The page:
A few years ago there was a spate of articles that basically put this law into additional context. These articles tried to compare Moore’s Law to the auto industry and the technology advancement in car mileage.
This was prompted by statements made during the 50th anniversary of Moore’s Law by Intel (where Moore worked when he proposed the idea). In short, Brian Krzanich, the Intel CEO at the time compared Intel’s chips to a 1971 VW Beetle. He famously stated that if auto Engineers had advanced automobile technology at the same rate that that beetle, in 2015 terms, would be able to travel at speeds over 300,000 miles per hour while achieving more than 2 million miles per gallon, with a reduced overall cost of 4 cents. (read more here)
While the comparison certainly has lots of potential flaws, one thing that is solid and real is that the state of technology around computers changes very, very quickly.
And therein lies the rub.
Whether or not they actively acknowledge this fact, Engineering managers subconsciously know that technology is a fast paced and ever-changing field.
Therefore, when hiring, it is good to know that the person being hired is making an effort to stay current on new technology.
Unfortunately, this has morphed from basic queries to see if someone is making an effort to stay current with technology to an invalid assumption that anyone not coding on their own time can’t keep up with everyone else.
Getting back to the Doctor comparison, this doesn’t make a lot of sense. If I am going in for surgery, I would actually prefer to have it done by a Doctor who wasn’t up half the night practicing surgery on a person project to see how clean the closing sutures could be in a cross-stitch pattern.
What would make me feel infinitely more comfortable here is knowing that the Doctor performing the surgery was both well rested as well as keeping up with current trends and new developments in medicine. Neither of those things requires that person to perform weekend personal surgeries.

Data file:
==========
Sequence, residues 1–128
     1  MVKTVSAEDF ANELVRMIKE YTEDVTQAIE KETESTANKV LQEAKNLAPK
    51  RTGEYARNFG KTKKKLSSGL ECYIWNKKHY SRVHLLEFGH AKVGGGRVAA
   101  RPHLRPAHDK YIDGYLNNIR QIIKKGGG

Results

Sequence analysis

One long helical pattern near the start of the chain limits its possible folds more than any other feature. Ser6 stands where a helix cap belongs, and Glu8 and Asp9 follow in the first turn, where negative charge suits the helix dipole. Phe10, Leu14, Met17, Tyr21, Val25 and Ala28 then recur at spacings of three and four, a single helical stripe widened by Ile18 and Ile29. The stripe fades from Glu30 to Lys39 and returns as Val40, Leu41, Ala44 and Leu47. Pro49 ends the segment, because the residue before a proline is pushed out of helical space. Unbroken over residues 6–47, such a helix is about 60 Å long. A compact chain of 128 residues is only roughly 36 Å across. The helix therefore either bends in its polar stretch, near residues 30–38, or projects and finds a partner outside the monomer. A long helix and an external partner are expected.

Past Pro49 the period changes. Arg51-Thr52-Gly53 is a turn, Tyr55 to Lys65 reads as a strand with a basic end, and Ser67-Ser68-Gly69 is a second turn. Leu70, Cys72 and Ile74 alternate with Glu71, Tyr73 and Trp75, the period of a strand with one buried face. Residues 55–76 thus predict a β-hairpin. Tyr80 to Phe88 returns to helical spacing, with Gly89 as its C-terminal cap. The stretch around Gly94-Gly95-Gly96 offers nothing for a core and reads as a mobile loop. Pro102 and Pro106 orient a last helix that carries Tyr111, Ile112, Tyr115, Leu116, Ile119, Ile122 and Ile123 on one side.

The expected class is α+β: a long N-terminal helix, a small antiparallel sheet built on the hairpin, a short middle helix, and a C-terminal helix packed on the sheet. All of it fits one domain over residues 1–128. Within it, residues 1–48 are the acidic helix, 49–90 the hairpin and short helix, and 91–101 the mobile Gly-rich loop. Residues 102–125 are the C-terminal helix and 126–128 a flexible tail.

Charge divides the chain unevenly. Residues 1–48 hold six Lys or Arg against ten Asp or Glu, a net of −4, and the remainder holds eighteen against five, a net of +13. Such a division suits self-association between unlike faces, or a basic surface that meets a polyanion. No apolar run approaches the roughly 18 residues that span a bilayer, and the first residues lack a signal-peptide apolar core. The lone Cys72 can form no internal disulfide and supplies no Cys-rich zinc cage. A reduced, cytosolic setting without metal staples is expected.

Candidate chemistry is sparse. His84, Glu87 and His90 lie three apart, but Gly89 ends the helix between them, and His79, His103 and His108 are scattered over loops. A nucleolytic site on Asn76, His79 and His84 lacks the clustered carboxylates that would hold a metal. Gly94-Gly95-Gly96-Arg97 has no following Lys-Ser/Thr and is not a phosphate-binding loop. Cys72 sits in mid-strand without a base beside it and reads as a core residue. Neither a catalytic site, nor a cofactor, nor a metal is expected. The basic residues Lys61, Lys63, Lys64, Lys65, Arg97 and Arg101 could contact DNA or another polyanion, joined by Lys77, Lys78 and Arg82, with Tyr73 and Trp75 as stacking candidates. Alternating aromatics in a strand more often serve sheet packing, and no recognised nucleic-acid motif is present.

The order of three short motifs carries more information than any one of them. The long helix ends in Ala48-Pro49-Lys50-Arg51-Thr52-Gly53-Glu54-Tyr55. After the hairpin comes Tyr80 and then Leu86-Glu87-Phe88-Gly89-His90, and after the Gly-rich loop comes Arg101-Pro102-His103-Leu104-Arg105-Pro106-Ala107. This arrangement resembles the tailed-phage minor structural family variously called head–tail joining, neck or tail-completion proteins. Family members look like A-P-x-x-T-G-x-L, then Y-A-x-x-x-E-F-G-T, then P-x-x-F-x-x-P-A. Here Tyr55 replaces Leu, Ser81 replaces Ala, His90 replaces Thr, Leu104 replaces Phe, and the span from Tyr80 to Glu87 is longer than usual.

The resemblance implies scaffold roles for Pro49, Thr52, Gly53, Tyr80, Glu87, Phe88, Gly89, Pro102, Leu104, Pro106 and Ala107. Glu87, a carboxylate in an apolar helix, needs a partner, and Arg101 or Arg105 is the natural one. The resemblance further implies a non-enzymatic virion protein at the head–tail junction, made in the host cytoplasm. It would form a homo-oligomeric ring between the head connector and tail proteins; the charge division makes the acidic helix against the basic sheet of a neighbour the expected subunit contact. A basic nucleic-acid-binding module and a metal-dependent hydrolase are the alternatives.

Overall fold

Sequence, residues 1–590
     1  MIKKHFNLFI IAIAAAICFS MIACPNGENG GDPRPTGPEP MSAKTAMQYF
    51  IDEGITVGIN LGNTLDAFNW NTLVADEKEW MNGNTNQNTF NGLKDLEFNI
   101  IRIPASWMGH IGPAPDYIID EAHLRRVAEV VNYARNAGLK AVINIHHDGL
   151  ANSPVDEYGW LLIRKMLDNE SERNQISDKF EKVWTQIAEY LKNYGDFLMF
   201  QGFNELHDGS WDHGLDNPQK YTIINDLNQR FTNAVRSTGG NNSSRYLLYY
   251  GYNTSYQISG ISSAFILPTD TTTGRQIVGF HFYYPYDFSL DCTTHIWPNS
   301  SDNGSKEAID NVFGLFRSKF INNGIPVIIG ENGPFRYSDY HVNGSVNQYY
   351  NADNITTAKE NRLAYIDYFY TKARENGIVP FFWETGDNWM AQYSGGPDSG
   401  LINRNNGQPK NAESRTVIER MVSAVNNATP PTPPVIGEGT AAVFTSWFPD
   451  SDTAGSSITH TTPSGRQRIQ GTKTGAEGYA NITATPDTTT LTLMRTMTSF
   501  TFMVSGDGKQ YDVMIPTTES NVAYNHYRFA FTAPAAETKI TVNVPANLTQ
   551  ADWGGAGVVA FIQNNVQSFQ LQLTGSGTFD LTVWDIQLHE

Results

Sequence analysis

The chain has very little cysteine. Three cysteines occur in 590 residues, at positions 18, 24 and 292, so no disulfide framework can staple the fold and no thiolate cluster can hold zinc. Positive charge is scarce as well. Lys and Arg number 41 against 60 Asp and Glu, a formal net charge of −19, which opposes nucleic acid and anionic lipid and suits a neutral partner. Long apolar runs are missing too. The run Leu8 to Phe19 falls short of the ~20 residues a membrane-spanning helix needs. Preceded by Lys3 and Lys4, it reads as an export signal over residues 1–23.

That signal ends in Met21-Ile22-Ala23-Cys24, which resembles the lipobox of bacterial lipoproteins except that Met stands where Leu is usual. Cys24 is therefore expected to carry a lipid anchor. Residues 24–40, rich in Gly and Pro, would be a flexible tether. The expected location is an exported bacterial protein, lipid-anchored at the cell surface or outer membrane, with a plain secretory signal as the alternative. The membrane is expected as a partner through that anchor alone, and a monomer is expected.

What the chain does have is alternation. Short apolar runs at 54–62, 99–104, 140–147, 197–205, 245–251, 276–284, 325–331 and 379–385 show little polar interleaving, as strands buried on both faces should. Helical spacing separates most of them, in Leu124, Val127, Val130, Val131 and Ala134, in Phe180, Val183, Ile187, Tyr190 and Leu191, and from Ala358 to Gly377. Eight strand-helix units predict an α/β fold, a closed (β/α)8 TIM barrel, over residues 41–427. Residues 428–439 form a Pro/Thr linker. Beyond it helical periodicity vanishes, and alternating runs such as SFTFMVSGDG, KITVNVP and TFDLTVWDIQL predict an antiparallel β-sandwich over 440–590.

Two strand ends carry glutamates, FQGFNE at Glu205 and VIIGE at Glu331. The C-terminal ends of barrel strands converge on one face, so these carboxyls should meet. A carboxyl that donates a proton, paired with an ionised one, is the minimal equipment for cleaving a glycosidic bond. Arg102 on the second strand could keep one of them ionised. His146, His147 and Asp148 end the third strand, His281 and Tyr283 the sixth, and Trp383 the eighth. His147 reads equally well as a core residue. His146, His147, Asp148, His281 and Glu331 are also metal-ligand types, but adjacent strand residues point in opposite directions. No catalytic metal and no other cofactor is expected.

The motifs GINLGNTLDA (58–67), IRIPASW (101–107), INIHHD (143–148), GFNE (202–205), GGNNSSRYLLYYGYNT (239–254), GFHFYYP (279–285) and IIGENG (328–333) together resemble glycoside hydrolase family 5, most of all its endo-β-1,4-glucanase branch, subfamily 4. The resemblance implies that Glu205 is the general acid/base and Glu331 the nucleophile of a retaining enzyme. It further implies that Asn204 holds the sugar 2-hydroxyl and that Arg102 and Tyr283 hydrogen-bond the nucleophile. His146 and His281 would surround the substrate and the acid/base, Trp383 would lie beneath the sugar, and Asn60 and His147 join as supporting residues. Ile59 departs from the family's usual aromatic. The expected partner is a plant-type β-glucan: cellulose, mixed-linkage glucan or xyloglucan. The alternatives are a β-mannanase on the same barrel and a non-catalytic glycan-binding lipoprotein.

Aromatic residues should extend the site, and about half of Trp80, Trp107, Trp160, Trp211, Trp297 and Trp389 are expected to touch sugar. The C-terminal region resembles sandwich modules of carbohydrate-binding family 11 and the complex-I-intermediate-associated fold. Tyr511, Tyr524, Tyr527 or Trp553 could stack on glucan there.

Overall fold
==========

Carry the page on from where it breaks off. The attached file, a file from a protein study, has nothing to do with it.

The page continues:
The same thing applies to Engineers.
What is important is not necessarily your personal projects and coding outside of work. Those things don’t answer the question as to whether or not you are keeping up to speed with technology.
Your non-workplace code does not define you.
Instead, I vow to change this line of questioning in my interactions with potential teammates. While questions about personal projects may come up in discussions, they will not be asked in regards to how well someone is staying current in their field. These questions will instead focus on the culture aspect of a candidate, what their interests are and what makes them tick.
In conclusion, to answer the question about whether or not you need to do work outside of work to be the best Engineer that you can be? My answer is an unequivocal no.
However, I do believe it is important to stay current on technology and trends. That can be done in a number of ways. Reading, studying, occasional side projects, and local group meet-ups are all good ways to stay up to speed. Don’t be afraid to grow your knowledge and no matter what, never stop learning.
Also, if the question comes up about how much time you spend on your own coding personal projects? Remember that you now have the power to answer this question how it should be asked.
If Doctors don’t do it then why should you?
Thanks for reading!
Originally published at kevinwanke.com on October 17, 2020. Kevin’s blog focuses on advice for new Engineers and for Engineering Managers.